This true story includes photos of the Kunkush and his family, and a map of their journey. Lost and Found Cat depicts the frightening reality many families face when forced to leave their homeland, including the loss of pets during a long and uncertain journey. It also shows how when people work together for a greater good, amazing things can happen.
The Colour of Home by Mary Hoffman and Karin Littlewood (2002)
First grader Hassan feels out of place in his new American school, and homesick for Somalia after his family was forced to flee due to the violent civil war there. He struggles to communicate with his new teacher, but quickly learns to do so by drawing and painting pictures. Through his art, Hassan is able to tell the story of what he misses about Somalia, the violence he witnessed there, and also things he is coming to appreciate in his new country.
The Colour of Home shows the value of using art to express grief and sorrow, and also of hope and healing, particularly for children who don’t have the words to express those emotions, whether due to age, developmental, or language barriers. It also gives readers an idea of the pain and loss suffered by many war refugees, and how finding safety and kindness in a new home can bring deep healing and solace.
Books for Kids Ages 7-9
Playing War by Kathy Beckwith and Lea Lyon (2005)
When a group of neighborhood friends is hanging out on a summer day, one of them suggests they play war, dividing into two sides and using pine cones as hand grenades. One of their friends, Sameer, is reluctant to join in. He quietly tells his friends that children their age are living in a war zone in his homeland. At first the other kids don’t believe him, but as Sameer shares what happened to his home town and relatives, his friends decide that basketball is a better choice for them.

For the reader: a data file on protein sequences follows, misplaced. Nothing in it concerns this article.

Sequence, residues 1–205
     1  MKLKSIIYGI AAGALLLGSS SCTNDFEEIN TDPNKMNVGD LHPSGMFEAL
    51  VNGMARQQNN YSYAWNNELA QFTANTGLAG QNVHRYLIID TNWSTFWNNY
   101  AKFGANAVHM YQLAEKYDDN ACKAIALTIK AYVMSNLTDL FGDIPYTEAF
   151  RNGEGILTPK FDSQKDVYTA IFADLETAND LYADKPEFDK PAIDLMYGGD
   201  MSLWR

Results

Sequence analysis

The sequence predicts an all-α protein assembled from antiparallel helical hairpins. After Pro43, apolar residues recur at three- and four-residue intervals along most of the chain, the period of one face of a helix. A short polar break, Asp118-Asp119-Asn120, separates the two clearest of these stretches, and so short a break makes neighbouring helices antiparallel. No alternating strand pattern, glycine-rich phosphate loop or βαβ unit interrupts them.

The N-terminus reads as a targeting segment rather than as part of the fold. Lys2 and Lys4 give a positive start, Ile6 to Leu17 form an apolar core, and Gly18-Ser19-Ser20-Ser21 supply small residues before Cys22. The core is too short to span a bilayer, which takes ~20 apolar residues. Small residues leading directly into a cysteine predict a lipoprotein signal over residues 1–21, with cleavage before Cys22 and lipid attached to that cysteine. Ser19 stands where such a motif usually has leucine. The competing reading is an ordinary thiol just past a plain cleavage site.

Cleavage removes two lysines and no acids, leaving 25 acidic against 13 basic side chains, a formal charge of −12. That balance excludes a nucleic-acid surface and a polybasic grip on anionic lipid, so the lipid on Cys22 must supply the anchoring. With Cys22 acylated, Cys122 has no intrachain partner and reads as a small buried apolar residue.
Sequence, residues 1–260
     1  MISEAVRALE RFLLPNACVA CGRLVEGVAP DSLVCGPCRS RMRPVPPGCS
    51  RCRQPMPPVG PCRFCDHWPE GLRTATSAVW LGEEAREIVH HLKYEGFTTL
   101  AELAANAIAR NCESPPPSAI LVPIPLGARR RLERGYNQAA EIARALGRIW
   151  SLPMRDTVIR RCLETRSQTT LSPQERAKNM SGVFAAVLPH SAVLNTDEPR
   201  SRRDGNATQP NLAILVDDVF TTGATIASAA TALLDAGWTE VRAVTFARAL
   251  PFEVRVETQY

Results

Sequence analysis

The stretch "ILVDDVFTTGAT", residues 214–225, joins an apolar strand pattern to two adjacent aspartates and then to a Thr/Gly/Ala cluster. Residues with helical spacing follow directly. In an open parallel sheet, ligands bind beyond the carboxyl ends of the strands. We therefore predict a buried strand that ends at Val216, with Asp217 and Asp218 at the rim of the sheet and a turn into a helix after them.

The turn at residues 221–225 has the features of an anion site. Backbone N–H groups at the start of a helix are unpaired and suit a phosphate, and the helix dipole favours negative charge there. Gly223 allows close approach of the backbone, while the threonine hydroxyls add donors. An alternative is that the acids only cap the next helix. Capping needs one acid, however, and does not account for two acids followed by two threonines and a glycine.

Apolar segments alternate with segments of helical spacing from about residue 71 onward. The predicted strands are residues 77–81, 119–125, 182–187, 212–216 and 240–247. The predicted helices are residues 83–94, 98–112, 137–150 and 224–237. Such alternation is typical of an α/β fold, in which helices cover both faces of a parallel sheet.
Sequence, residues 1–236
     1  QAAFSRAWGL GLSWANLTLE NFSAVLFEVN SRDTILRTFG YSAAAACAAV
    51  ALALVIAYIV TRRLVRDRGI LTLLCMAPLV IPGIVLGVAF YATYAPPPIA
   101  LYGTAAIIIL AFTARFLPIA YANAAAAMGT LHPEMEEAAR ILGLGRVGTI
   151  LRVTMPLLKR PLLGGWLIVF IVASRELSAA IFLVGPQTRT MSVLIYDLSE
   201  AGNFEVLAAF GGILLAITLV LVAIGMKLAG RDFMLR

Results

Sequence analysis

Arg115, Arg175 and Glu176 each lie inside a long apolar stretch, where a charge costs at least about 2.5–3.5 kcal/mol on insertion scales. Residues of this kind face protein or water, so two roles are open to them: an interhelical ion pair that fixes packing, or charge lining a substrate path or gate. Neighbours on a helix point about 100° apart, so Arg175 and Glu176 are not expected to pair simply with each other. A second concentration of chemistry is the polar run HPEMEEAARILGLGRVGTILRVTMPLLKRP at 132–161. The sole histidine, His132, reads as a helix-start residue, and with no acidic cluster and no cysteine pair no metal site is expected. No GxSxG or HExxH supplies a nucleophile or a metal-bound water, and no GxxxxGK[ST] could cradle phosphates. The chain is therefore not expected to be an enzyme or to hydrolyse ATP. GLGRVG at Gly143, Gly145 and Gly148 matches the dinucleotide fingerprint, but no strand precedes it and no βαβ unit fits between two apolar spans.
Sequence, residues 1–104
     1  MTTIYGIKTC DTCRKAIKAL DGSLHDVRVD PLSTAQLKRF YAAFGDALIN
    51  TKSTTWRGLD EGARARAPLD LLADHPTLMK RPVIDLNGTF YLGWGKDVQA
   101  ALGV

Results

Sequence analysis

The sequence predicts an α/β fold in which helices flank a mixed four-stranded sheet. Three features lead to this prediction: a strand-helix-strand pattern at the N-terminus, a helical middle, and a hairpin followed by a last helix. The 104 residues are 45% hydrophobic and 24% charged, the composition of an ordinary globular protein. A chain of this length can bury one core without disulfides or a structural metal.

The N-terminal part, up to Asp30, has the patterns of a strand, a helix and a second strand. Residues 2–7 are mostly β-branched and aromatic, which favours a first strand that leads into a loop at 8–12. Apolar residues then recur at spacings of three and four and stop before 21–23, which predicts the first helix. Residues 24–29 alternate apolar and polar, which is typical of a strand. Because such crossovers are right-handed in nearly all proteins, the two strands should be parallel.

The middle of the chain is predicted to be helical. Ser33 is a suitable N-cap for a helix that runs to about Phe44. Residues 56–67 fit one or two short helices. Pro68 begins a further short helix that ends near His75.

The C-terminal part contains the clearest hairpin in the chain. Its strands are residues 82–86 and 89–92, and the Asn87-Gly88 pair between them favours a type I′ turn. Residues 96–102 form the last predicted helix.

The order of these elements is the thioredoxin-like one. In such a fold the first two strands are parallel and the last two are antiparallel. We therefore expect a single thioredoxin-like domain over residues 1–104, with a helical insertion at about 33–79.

Playing War helps kids understand how they can sometimes take cultural norms like life during peacetime for granted. It also gives readers empathy for children who had to flee their home countries due to violent conflict.
How I Learned Geography by Uri Shulevitz (2008)
When a family must flee their homeland due to violence, they end up living in poverty in another country. Food is scarce, so when his father brings home a map instead of dinner, the boy is furious with him. But the map adds color to their drab living quarters, and the boy studies the map and learns that he can travel the world in his imagination.
How I Learned Geography is based on author Uri Shulevitz’ life story during World War II. The illustrations tie in with the book’s theme about how imagination can ease suffering and bring solace.
How Many Days to America? A Thanksgiving Story by Eve Bunting and Beth Peck (2003)
How Many Days to America tells the story of a Caribbean family forced to flee their island home and travel to the U.S. by sea. The boat is crowded with other families and the family faces hunger and even robbery on their journey. Landing on Thanksgiving Day, they are welcomed by a family who invites them to share their celebratory feast.
This story mirrors the journey of the first European pilgrims traveling to America, and helps readers understand that what may seem like distant history is still relevant today. It captures the hardships families face when forced to leave their homes and arrive in a new place, often with very few possessions and little money, in order to live in freedom.